Ayuda is fortunate to have gained the support of two multicultural high schools located in Panajachel. We are also about to welcome two students from the public school in Panajachel to our team in November.
Interested students are invited to attend our weekly sterilization clinics where they are offered a variety of experiential learning opportunities. These range from hands-on animal care, to photography, to journalism, to communications.
Here’s a lovely memory shared by one of our most treasured volunteers, Celine Boissy who is on her way to a University next year to pursue a double major in Biology and International Relations. We are all very proud to call her a friend and know she will reach her dreams!
by: Celine Boissy, Ayuda volunteer and former student at PCI (Panajachel Colegio Internacional)
Among the Santa Cruz Mountains
A cluster of Mayan children were curiously searching for their dogs who were fresh out of surgery. Against the far wall, Guatemalan vets worked intently on the dogs in front of them. The vets intermittently called for me to translate from Spanish into Kaqchikel, in order to facilitate the proper intake of the villager’s dogs in this monthly sterilization clinic.
In my right hand I held 3 syringes of medication: a combo vaccine, an antibiotic, and an NSAID. I was focusing while calculating how many mls the pup needed before waking up from his drug induced sleep. A traditionally dressed child approached me and anxiously began tugging on my arm. In a rapid stream of Kaqchikel and broken Spanish she asked me to help her capture a feral dog and her puppies. I systematically asked her how big the pups were to make sure they were old enough to get sterilized, but I noticed that she didn’t understand me.
Her native language was Kaqchikel, the Mayan dialect of the village we were stationed in, and the primary language of the village I grew up near. I answered her in basic Kaqchikel and a few minutes later we rushed together out of the makeshift clinic and onto the rocky pathways that make up the trails of Santa Cruz La Laguna. Excitedly, two girls joined us and urged me to run faster, straight into the heat of the midday sun. Meanwhile, a pack of young kids trailed behind, running barefoot on the hot ground in an array of tattered pajama pants. One little boy had a drum and was wildly banging a tune as we ran. The kids chattered in an eclectic mixture of Kaqchikel and Spanish, excitedly discussing this wild dog and her puppies near so-and-so’s house.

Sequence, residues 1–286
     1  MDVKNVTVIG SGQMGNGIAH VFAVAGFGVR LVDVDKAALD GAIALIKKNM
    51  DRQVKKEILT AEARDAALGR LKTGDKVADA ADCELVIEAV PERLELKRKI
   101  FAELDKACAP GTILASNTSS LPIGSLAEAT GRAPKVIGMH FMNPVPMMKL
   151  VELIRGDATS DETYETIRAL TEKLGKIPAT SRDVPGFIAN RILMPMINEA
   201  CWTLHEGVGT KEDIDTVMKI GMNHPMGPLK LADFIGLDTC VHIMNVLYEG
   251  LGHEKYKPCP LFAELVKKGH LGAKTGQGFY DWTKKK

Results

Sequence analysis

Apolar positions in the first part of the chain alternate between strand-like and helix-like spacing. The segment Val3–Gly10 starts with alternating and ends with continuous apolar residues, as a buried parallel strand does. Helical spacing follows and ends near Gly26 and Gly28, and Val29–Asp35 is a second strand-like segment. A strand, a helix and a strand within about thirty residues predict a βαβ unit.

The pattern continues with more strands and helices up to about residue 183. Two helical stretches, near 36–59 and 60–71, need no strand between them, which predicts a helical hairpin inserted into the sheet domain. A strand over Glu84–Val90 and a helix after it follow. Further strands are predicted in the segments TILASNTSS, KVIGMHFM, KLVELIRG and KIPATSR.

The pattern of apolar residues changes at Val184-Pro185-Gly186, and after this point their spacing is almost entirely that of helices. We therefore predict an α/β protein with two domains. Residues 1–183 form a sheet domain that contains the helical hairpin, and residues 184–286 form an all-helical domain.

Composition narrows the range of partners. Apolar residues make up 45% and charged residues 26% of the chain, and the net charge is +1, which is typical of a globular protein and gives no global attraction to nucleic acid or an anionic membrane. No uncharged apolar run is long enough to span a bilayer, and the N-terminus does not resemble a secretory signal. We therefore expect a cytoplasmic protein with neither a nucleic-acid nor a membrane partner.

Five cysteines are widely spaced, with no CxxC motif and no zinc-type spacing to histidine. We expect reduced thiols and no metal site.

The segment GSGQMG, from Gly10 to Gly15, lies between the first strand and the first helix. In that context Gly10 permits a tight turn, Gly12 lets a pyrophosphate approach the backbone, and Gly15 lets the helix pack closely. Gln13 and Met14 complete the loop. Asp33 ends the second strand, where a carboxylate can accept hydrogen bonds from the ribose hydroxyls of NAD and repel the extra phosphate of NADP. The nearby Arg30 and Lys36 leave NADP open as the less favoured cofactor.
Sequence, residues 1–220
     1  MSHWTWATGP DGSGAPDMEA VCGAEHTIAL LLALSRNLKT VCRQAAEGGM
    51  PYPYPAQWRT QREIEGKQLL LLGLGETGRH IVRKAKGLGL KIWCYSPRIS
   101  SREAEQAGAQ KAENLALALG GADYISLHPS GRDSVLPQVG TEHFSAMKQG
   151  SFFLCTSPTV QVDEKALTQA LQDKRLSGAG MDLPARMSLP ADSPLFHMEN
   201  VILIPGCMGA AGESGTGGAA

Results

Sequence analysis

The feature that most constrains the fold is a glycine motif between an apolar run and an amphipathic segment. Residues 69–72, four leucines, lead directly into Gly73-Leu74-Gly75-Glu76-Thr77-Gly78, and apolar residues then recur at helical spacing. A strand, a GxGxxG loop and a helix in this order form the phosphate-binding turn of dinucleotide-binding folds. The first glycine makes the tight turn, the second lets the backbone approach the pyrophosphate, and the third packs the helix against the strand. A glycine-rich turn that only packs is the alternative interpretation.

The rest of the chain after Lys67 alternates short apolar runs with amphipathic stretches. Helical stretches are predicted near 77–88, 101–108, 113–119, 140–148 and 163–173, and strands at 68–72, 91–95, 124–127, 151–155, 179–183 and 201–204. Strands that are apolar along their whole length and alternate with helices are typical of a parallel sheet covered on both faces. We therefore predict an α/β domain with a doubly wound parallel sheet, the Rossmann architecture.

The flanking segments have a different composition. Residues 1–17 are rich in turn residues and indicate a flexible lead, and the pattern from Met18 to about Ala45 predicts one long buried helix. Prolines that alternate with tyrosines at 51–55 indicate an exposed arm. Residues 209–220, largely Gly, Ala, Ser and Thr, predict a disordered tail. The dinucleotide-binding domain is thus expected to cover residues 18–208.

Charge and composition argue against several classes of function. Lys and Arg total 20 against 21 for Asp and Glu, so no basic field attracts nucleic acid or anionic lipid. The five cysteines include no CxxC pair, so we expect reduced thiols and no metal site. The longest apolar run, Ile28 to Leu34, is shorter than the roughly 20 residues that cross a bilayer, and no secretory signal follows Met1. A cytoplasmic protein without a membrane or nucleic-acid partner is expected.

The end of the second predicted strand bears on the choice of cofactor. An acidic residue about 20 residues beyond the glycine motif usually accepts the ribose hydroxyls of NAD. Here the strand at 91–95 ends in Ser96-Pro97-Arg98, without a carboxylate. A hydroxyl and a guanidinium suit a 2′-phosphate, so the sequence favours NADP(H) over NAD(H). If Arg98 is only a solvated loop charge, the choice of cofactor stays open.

Soon our small parade came to a halt. The girl, Maria, pointed up a steep and rickety stone path where an abandoned adobe house came into view. The only way up was to slowly creep around a small wall, where a treacherous fall awaited your misplaced step. Upon our arrival we sadly found an angry and protective mother dog, desperately shielding several dead puppies from our reach. Although we tried to soothe her with our kind words and a bit of bread, her vicious growl soon sent us on our way.
Exhausted, we returned to the clinic where Maria was able to pick up her own pup who had just woken from surgery. By bringing in her pup, I explained to her, she had saved her own dog from having excessive puppies and thereby, rescued her from the unfortunate fate of the feral dog. In my country the overpopulation of un-neutered street dogs creates packs of unwanted animals that often pass on distemper, worms, mange, as well as zoonotic disease to nearby animals and humans. I’m humbled to have worked diligently for two years with a dedicated team of veterinarians and volunteers that have brought these clinics and thereby contributed through necessary action to help decrease the street dog population problem.
Between the many hours spent helping the vets and my interactions with the local villagers, I developed strong core values for supporting both the children and animals in my community. I learned the importance of working side by side others. Although we were from different ethnic and economic backgrounds, our good intentions bound us together on our mission. I learned that there is a universal connection that unifies us in times of need. I’m grateful for my upbringing amongst the people of our Santa Cruz pueblo as it has both taught me, two of the four languages I speak, while equally sculpting my dedication to my dreams and the pale blue dot we call home.
Thank you, Celine! We all miss you!
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